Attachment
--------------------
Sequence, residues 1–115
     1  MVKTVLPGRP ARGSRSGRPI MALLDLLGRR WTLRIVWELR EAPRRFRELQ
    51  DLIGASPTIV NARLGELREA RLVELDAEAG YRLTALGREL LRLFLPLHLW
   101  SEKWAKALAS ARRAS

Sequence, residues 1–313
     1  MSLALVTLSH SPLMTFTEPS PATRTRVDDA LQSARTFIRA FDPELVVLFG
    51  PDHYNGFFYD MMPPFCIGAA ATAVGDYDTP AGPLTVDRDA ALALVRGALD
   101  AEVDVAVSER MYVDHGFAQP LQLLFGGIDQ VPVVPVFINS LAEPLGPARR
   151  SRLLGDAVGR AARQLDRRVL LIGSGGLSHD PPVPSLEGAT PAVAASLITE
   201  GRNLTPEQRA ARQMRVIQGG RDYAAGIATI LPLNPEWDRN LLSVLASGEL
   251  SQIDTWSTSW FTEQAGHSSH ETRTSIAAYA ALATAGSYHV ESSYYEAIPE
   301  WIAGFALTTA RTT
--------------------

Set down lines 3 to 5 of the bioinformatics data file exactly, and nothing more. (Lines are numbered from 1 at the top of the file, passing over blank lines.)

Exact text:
    51  DLIGASPTIV NARLGELREA RLVELDAEAG YRLTALGREL LRLFLPLHLW
   101  SEKWAKALAS ARRAS

Sequence, residues 1–313